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Cooperation and Resistance on Green Energy

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Cooperation and Resistance on Green Energy

Cooperation and Resistance on Green Energy

Cooperation and Resistance on Green Energy

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Several utility companies are collaborating with the Natural Resources Defense Council to improve their carbon profile and produce "greener" electricity. Other utilities, however, have taken the opposite tack, and are hustling to build as much coal-fired generation as they can, while they can.


From NPR News, this is ALL THINGS CONSIDERED. I'm Michele Norris.


And I'm Melissa block.

All this week, we're hearing about some of the issues that divide America and the prospects for finding middle ground.

President GEORGE W. BUSH: We made some progress on changing the tone. I'm disappointed we haven't made more.

Unidentified Man: They certainly want more moderation.

Governor ARNOLD SCHWARZENEGGER: Government does not have to be gridlocked.

Unidentified Woman: Democrats pledge civility and bipartisanship in the conduct of the work here.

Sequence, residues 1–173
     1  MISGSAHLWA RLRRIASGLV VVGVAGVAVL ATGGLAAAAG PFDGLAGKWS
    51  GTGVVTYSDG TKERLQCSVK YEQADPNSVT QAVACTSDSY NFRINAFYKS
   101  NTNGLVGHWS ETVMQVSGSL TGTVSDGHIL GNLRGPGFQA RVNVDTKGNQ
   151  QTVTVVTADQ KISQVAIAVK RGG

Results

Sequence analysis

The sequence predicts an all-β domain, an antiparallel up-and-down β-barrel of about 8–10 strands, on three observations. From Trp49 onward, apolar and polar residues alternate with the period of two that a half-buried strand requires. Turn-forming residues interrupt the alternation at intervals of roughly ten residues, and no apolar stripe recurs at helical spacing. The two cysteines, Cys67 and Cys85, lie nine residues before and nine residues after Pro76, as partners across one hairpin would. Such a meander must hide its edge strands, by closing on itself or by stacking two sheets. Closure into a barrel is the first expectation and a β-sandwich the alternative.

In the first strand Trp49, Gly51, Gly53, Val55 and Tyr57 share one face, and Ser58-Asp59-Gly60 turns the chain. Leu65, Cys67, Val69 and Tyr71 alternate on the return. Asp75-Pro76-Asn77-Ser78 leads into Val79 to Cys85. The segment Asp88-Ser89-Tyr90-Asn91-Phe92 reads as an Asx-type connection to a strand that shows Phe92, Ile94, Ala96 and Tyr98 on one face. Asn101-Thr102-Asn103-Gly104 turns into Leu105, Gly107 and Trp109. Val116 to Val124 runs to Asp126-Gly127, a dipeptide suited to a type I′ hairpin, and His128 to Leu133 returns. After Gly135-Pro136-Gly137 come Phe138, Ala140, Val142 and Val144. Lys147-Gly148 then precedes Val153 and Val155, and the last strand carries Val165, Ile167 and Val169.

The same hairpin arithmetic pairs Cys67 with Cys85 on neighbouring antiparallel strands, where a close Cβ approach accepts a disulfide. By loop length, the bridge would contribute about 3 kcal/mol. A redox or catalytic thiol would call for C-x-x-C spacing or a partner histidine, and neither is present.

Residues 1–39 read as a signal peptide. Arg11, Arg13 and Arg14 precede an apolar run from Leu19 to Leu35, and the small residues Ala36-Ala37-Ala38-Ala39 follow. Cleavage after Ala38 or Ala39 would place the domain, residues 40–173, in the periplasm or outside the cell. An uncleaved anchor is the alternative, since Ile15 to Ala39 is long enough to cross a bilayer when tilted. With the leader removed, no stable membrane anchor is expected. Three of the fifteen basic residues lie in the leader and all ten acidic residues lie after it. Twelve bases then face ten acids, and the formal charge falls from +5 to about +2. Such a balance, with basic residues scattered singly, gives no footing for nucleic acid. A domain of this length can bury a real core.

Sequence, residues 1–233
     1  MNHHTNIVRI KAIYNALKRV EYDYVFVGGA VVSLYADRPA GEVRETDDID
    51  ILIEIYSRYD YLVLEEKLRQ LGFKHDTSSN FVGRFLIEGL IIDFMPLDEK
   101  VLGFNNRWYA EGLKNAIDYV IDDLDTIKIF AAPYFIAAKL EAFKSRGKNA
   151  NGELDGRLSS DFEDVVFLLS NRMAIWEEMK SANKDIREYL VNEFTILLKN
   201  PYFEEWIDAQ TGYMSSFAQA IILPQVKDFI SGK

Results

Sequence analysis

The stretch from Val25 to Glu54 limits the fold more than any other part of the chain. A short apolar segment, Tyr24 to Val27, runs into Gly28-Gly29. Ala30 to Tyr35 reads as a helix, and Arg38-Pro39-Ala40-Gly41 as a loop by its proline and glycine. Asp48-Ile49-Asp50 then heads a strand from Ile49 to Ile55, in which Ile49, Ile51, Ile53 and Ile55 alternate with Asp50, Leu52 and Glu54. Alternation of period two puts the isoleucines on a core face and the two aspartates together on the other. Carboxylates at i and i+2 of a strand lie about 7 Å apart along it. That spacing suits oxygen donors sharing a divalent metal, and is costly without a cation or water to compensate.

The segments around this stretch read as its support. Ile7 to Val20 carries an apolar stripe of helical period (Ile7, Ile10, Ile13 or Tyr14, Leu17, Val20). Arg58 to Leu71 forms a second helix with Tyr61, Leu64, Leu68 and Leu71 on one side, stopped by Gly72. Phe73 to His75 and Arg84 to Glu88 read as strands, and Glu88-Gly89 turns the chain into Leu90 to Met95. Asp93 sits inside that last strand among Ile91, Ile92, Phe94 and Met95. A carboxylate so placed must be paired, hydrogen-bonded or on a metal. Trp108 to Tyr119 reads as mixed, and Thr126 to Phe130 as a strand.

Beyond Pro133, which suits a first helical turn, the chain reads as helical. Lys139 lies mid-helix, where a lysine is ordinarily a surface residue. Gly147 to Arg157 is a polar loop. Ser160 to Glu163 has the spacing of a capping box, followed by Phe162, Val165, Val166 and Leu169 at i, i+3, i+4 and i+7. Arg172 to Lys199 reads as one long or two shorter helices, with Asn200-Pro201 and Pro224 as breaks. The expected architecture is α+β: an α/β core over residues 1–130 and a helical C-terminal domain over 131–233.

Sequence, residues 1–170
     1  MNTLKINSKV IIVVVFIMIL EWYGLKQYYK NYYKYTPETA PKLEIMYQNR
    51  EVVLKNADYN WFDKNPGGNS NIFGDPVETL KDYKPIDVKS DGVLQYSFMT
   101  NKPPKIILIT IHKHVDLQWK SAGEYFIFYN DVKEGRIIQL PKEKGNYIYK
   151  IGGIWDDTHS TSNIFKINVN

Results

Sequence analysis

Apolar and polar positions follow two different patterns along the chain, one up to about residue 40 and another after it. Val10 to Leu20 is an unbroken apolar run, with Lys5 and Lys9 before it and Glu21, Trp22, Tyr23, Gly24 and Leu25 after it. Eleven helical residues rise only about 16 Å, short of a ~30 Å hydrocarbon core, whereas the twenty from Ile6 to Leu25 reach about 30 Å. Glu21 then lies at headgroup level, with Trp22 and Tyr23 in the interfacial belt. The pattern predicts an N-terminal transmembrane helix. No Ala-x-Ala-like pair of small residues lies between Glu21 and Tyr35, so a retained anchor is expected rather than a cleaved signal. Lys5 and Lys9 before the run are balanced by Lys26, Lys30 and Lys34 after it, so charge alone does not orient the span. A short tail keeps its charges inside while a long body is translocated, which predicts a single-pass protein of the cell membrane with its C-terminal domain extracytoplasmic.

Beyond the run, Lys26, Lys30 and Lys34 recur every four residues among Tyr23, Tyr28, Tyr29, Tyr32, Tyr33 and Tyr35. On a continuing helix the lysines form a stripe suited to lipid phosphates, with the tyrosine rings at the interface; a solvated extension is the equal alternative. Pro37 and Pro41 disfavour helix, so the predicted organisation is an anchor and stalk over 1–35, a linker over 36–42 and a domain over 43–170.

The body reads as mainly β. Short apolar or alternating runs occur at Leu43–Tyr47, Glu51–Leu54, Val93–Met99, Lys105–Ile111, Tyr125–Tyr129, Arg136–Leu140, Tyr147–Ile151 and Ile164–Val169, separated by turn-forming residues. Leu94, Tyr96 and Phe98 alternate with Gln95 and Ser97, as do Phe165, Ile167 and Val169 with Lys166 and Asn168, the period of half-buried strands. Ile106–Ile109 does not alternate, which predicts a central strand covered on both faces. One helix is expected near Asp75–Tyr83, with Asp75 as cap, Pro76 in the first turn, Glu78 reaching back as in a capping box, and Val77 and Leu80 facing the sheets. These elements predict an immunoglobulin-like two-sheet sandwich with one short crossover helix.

BLOCK: Our series is called Crossing the Divide. Today, we turn to a matter of business and public policy, profit and environmental protection.

NORRIS: Ten corporate CEOs have teamed up with some major environmental groups to try to jumpstart efforts to fight global warming. These strange bedfellows are urging the federal government to limit greenhouse gases. Their proposal came on the eve of tonight's State of the Union speech.

NPR's Scott Horsley has the latest in our Crossing the Divide series.

SCOTT HORSLEY: It's one thing when the head of an environmental organization calls on Congress to limit carbon dioxide from the nation's smokestacks. It's another when some of the people who run those smokestacks are calling for the same thing.